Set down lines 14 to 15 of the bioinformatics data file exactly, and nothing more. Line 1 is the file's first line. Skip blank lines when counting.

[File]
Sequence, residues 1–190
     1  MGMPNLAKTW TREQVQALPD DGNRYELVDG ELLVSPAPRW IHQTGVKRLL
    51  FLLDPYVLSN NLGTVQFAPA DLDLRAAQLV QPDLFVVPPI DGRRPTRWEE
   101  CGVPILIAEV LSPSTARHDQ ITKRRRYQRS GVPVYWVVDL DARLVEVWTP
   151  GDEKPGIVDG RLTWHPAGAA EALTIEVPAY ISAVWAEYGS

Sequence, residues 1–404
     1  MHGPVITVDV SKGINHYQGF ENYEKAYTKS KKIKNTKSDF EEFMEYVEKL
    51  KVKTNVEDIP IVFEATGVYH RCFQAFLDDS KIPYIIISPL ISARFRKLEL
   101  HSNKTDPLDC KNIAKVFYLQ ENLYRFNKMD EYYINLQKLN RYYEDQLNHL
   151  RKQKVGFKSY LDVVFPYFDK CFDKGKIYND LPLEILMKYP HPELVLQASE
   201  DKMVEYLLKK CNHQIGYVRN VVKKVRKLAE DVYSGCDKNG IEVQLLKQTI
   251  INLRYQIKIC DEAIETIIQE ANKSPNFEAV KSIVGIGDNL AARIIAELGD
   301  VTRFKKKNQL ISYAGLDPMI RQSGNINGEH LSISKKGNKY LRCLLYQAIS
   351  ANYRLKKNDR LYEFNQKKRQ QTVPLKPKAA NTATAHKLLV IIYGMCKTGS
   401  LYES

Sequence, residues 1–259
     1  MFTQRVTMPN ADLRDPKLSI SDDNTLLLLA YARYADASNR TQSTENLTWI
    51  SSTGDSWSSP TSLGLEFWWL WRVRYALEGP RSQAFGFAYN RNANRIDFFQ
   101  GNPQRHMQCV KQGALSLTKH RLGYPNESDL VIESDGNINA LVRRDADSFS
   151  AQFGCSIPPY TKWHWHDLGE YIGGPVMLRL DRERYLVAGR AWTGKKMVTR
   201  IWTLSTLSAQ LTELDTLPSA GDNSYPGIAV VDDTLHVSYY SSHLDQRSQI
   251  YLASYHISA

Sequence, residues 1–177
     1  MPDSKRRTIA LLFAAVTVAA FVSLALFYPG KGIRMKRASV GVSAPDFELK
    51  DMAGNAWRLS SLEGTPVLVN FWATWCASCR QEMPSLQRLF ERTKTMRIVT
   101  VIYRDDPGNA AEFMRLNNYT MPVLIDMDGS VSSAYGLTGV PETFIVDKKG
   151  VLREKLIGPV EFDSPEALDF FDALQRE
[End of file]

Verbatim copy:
   351  ANYRLKKNDR LYEFNQKKRQ QTVPLKPKAA NTATAHKLLV IIYGMCKTGS
   401  LYES